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Scientists Now Believe Other Planets May Have Even More Life Than Earth Does

A new study indicates that other planets may have better conditions for life to thrive than Earth itself has.

Elias Marat

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Other Planets More Life Earth

(TMU) — The idea that there is no “Planet B” has long been a slogan for environmentalists trying to convey the gravity of the unfolding ecological catastrophe on our planet, but new research could render the mantra moot as scientists have revealed that exoplanets may exist in the universe that are capable of supporting abundant life-forms—and they could, in fact, be more hospitable a home than Earth.

Researchers have released a new study revealing the “surprising conclusion” that “conditions on some exoplanets with favorable ocean circulation patterns could be better suited to support life that is more abundant or more active than life on Earth,” according to geophysicist Stephanie Olson of the University of Chicago.

And while these exoplanets are so distant from our own solar system as to render it impossible to reach them with space probes, scientists are working on new remote sensing tools such as telescopes that would allow us to better understand what condition are actually like on these planets which may have the ability to support life on a scale unknown on our own planet.

Scientists have long estimated that roughly 35 percent of all known exoplanets larger than Earth are likely to be rich in water.

“NASA’s search for life in the Universe is focused on so-called Habitable Zone planets, which are worlds that have the potential for liquid water oceans,” Olson said.

Continuing, she explained:

“Our work has been aimed at identifying the exoplanet oceans which have the greatest capacity to host globally abundant and active life. Life in Earth’s oceans depends on upwelling (upward flow) which returns nutrients from the dark depths of the ocean to the sunlit portions of the ocean where photosynthetic life lives. More upwelling means more nutrient resupply, which means more biological activity. These are the conditions we need to look for on exoplanets.”

Olson’s team modeled a number of different types of exoplanets using ROCKE-3D software designed by NASA’s Goddard Institute for Space Studies (GISS) to create simulations of planetary bodies with their own unique climates and ocean habitats.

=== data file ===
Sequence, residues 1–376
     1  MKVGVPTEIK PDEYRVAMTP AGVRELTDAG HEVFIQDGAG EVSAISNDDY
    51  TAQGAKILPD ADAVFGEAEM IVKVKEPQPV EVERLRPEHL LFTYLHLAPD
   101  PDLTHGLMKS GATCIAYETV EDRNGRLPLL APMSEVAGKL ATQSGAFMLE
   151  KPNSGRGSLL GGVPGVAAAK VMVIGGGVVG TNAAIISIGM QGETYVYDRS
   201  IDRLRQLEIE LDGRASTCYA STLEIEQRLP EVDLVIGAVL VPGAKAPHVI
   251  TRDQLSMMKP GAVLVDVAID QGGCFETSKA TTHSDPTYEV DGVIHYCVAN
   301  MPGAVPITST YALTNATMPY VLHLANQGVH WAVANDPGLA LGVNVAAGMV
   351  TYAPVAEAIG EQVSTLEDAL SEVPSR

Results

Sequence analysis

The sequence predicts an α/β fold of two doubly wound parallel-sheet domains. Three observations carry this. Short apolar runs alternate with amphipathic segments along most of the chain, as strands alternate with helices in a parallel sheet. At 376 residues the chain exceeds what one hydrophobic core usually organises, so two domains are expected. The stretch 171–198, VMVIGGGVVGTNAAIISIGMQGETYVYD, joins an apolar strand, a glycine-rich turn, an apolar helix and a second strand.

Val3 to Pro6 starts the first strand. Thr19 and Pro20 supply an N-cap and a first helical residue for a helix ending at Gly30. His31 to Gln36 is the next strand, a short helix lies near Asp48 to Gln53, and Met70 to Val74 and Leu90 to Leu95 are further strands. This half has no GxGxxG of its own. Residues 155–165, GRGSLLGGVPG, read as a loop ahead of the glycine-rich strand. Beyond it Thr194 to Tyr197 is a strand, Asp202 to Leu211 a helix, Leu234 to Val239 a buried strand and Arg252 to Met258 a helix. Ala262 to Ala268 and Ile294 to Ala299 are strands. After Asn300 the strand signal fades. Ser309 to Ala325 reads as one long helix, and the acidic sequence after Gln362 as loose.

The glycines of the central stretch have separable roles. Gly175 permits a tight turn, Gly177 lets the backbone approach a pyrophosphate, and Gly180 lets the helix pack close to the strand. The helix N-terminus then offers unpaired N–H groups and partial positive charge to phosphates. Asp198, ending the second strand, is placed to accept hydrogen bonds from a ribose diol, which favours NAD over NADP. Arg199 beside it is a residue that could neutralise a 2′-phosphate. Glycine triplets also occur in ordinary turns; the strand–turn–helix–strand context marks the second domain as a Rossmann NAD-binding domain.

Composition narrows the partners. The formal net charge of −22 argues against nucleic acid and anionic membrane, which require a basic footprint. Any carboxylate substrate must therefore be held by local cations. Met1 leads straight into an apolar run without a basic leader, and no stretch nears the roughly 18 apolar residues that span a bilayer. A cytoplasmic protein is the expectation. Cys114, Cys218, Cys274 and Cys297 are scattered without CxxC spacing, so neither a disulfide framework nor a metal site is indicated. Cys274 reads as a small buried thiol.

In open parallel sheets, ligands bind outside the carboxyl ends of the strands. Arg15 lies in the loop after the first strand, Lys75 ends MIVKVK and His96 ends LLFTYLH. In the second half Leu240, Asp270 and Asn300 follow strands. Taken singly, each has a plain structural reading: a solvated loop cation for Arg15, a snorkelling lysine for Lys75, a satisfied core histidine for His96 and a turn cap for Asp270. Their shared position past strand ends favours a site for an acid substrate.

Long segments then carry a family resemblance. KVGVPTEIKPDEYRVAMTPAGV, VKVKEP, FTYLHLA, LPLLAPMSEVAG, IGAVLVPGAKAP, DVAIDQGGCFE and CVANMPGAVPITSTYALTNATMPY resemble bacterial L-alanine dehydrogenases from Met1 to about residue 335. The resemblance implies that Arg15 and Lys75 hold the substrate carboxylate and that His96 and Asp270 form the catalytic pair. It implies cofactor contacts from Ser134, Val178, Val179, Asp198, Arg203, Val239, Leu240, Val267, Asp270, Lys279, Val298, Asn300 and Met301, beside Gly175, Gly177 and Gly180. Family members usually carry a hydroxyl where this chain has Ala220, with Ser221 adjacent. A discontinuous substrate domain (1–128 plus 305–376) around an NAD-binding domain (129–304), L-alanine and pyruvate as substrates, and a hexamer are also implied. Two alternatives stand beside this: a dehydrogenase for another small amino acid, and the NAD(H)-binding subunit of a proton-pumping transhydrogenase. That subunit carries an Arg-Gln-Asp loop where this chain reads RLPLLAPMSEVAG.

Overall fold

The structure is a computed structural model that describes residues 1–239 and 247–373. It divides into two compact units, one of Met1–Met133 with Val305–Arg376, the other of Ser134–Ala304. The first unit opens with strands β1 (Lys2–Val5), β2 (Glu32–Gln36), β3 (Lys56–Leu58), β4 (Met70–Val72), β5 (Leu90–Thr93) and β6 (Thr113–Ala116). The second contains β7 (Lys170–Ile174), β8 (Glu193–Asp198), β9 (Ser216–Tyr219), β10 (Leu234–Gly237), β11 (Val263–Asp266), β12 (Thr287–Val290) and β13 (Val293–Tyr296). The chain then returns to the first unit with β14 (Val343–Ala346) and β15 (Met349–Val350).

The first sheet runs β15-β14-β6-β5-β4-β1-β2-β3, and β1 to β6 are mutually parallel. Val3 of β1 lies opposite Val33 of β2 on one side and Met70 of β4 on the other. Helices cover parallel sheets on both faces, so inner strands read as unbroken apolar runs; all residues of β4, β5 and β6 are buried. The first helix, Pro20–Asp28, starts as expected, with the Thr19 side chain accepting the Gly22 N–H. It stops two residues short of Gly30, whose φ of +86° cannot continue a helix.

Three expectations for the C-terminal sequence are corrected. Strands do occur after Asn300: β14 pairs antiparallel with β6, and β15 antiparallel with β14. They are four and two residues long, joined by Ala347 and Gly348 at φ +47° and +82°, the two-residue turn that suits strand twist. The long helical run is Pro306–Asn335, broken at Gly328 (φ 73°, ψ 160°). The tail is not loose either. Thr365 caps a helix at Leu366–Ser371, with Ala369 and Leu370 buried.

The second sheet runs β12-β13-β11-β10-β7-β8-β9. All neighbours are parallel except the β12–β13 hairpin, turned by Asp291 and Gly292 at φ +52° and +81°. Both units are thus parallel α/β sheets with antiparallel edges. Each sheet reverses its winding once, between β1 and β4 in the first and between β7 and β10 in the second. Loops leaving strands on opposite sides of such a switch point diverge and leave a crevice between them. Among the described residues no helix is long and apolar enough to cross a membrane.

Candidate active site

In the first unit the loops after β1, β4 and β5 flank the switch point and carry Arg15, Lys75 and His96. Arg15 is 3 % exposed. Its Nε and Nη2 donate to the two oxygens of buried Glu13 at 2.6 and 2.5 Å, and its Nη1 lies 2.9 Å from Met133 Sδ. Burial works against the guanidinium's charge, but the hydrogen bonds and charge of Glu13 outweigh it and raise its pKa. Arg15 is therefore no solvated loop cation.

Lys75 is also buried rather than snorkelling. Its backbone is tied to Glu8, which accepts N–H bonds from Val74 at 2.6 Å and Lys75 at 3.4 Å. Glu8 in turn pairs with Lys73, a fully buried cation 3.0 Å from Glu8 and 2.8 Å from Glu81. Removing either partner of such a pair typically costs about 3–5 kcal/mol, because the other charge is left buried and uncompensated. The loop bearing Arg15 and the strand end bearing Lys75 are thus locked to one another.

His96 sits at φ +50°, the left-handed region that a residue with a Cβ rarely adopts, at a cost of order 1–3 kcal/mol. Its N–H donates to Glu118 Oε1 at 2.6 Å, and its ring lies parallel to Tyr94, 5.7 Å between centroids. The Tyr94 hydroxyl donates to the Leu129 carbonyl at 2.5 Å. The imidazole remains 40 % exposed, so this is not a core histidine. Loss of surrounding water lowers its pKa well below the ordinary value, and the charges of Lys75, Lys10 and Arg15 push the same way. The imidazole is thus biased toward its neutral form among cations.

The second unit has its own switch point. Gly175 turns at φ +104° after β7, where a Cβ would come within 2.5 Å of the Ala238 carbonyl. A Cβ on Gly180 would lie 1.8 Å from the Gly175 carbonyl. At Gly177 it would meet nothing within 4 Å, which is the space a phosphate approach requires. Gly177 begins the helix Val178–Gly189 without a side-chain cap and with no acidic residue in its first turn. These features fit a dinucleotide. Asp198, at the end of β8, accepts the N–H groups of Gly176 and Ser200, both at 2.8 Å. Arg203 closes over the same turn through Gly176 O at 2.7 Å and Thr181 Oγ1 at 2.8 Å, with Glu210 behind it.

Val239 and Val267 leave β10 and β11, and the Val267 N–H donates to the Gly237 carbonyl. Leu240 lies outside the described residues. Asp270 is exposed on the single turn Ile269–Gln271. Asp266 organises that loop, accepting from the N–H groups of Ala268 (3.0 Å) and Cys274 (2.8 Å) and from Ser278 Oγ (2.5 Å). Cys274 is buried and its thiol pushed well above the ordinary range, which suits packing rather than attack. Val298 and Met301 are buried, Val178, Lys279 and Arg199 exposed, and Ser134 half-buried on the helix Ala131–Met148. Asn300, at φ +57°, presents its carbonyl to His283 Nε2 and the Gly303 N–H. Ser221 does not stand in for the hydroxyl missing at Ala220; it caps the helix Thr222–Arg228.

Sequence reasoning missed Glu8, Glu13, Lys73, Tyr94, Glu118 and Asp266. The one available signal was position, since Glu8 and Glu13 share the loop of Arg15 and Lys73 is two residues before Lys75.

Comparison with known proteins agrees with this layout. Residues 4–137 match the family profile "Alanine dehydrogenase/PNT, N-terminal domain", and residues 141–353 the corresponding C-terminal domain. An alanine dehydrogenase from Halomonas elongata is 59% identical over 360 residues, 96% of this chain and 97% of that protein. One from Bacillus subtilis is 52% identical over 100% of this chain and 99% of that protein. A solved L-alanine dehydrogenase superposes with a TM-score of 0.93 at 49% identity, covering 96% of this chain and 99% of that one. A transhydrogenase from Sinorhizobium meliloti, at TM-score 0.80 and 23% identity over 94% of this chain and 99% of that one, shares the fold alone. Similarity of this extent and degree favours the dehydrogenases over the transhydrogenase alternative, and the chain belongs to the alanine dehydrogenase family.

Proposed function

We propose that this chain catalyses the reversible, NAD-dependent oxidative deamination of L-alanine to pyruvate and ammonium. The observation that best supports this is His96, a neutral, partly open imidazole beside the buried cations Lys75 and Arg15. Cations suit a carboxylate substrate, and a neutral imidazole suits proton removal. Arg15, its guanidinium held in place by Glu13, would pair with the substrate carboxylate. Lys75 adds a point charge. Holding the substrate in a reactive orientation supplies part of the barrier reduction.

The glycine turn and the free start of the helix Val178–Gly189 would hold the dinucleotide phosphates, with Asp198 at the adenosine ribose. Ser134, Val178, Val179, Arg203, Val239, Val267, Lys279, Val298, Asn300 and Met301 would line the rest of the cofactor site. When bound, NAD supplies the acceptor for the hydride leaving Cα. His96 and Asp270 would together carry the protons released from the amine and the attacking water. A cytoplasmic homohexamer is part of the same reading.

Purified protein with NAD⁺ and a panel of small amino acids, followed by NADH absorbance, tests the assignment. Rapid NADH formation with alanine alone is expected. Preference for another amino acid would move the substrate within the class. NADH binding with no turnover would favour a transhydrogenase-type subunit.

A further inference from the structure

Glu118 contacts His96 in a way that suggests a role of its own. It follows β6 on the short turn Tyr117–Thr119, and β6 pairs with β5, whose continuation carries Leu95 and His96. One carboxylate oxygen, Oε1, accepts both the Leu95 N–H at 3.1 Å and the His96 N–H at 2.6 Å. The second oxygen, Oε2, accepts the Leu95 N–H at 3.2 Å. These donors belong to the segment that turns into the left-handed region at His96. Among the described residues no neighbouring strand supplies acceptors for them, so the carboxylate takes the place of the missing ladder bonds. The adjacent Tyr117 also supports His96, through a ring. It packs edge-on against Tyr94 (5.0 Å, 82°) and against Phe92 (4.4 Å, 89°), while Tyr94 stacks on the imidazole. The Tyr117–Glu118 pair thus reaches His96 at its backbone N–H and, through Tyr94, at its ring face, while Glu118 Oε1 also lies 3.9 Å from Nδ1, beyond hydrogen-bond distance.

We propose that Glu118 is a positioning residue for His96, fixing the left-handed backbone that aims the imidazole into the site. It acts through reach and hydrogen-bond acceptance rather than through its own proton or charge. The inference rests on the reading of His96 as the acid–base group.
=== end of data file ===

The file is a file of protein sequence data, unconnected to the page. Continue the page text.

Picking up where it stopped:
The research discovered that those planets with thicker and more dense atmospheres, slower rates of rotation, and the presence of continents all created higher upswelling rates. Olson noted:

“A further implication is that Earth might not be optimally habitable—and life elsewhere may enjoy a planet that is even more hospitable than our own.”

The research, which was presented as a keynote lecture at the Goldschmidt Geochemistry Congress in Barcelona, Spain, serves as a reminder that life is always more common than “detectable” life that lies in plain sight, Olson said. In the future, scientists should “should target the subset of habitable planets that will be most favorable to large, globally active biospheres because those are the planets where life will be easiest to detect—and where non-detections will be most meaningful,” she added.

Chris Reinhard of the Georgia Institute of Technology commented:

“We expect oceans to be important in regulating some of the most compelling remotely detectable signs of life on habitable worlds, but our understanding of oceans beyond our solar system is currently very rudimentary. Dr. Olson’s work represents a significant and exciting step forward in our understanding of exoplanet oceanography”.

Equipped with the knowledge contained in the study, scientists can now devise the best means through which to detect these new planets teeming with life. Olson concluded:

“Now we know what to look for, so we need to start looking.”

By Elias Marat | Creative Commons | TheMindUnleashed.com

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Cop Gave Children Weapons During Exorcism and Told Them To Shoot Demons And Intruders

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A police officer from Florida was recently arrested after he was caught performing a strange exorcism on a child holding a taser, while another child was given a gun and instructed to shoot anyone who entered the home. 37-year-old Christopher Dougherty reportedly told the two children that there were demons in the house. According to the Orange County Sheriff’s Office, Dougherty was fired from the department on an unrelated matter on the same day of his arrest, but he had worked with the sheriff’s office since 2006.

Someone tripped an alarm at the house where the incident was occurring, which prompted police to arrive on the scene. Once they got there, they saw evidence of child abuse, and decided to enter the home. Upon entering they found a young girl wearing body armor and a Kevlar helmet, lying on the ground with a rifle in a shooting position. There was also a young boy in the house who had a taser. The boy is believed to be the subject of an exorcism. Dougherty was armed with a handgun when police arrived.

The children said that Dougherty was performing an exorcism on the young boy, and told the girl that there were demons in the house, and instructed her to shoot anyone that entered.

Dougherty was detained and taken to a hospital where he was held under the Baker Act, and then arrested after he was released from the hospital a few days later. On the same day as his arrest, he was fired from the sheriff’s office, but the agency insists that his termination was related to “an unsatisfactory performance finding in a separate matter,” and had nothing to do with the exorcism. 

In a statement to Fox News, Orange County Sheriff John Mina said that he was concerned about the officer’s mental health. 

“While this deputy was terminated for a pattern of unsatisfactory performance, these are very serious criminal allegations. As law enforcement officers, we are held to the highest standards of conduct whether on duty or off duty. But we are also concerned about the deputy’s mental health,” Mina said.

It is still not entirely clear what Dougherty’s relationship was with the two children that were in his care.

The 2014 horror film “Deliver Us From Evil” is based on the true-life story of New York City Police Sgt Ralph Sarchie, who was an exorcist in his spare time. Sarchie described himself as a “demonologist” and claimed to have taken part in at least 20 exorcisms, but says that he investigated over 50 paranormal cases. “I’m a demonologist, and I’m going head to head with the devil,” Sarchie once said in an interview.